Saturday, December 03, 2005

That's better

Ahh, a day sitting at home doing nothing. You can't beat it. Well, nothing with a side order of memory-training, but I've talked about that more than enough here already.

Let's talk about my brother, instead, Doctor Joseph Pridmore. He passed his viva yesterday and got his PhD, which comes as no surprise to anyone but him - he's one of those genius types who goes through life assuming everything he does is going to be some kind of abject failure even though it never is. It's a good way to be, really - you're always sure to be pleasantly surprised. Anyway, I'm terribly impressed. I sometimes think about going back to university and trying to get at least a degree, just so as not to feel quite so inferior to everyone else. I know too many doctors already - lots of othello players and memory people have PhDs too, and there's only so much satisfaction you can get from boasting about being an unusually young university dropout (I went there at the age of 17 and gave up on it after a few months).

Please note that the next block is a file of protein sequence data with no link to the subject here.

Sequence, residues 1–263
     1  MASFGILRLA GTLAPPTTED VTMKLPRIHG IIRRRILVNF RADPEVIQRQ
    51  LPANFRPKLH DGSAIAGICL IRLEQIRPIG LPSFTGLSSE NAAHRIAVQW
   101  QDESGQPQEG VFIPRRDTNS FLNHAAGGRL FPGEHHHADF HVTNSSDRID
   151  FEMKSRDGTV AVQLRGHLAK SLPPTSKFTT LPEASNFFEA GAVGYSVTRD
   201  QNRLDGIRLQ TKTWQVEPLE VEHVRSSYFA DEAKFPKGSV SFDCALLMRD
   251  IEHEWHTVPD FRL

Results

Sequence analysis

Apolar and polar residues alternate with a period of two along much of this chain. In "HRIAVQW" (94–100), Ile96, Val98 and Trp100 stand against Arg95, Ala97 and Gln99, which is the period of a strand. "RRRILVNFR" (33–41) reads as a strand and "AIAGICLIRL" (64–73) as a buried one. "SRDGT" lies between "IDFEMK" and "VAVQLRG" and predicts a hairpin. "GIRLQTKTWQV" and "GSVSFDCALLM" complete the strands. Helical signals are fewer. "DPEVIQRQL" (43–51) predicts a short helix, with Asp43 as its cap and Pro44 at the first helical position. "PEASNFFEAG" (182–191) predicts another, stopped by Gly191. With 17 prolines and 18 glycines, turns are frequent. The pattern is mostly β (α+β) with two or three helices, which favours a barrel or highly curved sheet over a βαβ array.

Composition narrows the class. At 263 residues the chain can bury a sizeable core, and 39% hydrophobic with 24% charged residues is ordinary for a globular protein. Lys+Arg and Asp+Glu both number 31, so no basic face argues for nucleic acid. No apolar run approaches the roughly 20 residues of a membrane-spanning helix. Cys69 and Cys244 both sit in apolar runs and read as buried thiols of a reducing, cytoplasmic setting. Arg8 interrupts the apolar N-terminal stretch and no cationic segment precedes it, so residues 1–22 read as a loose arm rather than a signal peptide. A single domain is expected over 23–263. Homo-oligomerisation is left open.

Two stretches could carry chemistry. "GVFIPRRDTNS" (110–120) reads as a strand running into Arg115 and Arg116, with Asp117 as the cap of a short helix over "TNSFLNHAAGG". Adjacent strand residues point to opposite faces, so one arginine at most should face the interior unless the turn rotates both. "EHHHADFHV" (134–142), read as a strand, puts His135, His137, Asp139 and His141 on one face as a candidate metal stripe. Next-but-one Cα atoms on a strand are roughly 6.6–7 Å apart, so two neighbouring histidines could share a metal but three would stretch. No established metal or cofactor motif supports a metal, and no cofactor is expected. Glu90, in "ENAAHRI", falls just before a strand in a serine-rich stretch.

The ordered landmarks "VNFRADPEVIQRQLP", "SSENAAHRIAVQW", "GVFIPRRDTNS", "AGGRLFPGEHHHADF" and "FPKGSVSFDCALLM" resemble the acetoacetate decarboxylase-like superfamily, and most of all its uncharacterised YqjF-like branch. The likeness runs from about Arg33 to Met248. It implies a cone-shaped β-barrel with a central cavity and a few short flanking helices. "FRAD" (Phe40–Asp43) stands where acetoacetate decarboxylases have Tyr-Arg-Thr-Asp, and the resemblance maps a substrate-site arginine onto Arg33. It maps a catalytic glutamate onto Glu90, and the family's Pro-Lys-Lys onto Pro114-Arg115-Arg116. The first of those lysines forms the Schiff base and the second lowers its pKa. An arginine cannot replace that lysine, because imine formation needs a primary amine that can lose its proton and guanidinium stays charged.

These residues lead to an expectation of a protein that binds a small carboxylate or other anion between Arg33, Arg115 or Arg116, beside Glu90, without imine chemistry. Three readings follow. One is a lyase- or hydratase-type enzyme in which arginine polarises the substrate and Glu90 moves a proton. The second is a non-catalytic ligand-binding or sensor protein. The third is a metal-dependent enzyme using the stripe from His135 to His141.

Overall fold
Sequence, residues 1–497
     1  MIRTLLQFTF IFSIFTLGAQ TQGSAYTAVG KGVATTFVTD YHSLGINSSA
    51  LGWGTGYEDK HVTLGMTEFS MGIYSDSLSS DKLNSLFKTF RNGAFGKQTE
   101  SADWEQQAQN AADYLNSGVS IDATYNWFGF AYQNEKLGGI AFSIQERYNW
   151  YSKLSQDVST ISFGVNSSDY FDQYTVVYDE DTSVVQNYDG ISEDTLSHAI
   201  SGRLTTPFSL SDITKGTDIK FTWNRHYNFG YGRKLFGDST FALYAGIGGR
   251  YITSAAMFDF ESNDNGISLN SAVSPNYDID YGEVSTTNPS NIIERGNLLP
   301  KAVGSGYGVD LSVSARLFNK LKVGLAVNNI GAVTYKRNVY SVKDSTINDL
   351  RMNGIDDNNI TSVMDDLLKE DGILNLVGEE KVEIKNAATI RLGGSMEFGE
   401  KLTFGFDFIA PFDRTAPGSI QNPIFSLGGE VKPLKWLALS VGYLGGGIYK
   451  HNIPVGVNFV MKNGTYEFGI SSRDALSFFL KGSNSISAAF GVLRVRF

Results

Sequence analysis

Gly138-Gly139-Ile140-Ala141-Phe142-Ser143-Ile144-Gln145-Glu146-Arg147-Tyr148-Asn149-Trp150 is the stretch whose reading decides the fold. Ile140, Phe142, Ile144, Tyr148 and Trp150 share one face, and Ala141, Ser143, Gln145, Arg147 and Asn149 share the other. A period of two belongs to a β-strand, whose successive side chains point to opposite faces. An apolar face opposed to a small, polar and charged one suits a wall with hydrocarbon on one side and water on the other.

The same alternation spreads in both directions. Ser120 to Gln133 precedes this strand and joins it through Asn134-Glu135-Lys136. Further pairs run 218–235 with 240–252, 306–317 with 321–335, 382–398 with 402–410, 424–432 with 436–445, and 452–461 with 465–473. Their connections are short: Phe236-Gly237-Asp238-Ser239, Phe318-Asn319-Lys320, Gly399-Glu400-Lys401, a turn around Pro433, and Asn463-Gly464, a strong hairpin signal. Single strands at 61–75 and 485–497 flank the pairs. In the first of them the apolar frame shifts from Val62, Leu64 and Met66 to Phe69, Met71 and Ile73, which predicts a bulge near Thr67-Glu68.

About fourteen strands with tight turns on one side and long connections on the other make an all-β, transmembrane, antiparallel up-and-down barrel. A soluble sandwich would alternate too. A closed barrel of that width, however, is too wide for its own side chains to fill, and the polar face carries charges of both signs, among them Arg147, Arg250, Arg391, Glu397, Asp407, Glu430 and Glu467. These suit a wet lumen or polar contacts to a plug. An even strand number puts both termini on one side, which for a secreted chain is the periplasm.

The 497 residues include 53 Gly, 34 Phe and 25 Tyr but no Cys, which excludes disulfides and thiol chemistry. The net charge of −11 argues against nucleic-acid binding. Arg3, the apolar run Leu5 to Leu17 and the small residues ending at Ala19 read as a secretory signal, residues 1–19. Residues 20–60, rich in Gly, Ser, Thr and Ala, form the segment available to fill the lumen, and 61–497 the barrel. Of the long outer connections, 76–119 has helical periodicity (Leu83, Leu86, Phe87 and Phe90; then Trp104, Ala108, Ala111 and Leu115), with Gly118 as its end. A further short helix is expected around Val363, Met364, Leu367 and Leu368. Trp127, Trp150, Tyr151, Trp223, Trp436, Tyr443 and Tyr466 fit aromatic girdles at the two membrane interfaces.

Still, now I get to introduce my bro to people as "This is my brother, the doctor." And I can always add under my breath "(albeit only a doctor of English literature, which isn't a real kind of doctorate)" if I get too envious.

Friday, December 02, 2005

Green Grow The Rushes-O

The poohsticks gang are meeting up tomorrow in a pub called the Seven Stars, in London, but I'm not sure whether I want to go or not. I feel like I haven't been at home here for years, what with being away last weekend and the last two weeks in Cheadle (surprisingly enough, the new building in Burton still isn't ready, so I'm back in the hotel next week too), and I feel like I need to recharge my batteries, rather than having another late-night drinking session.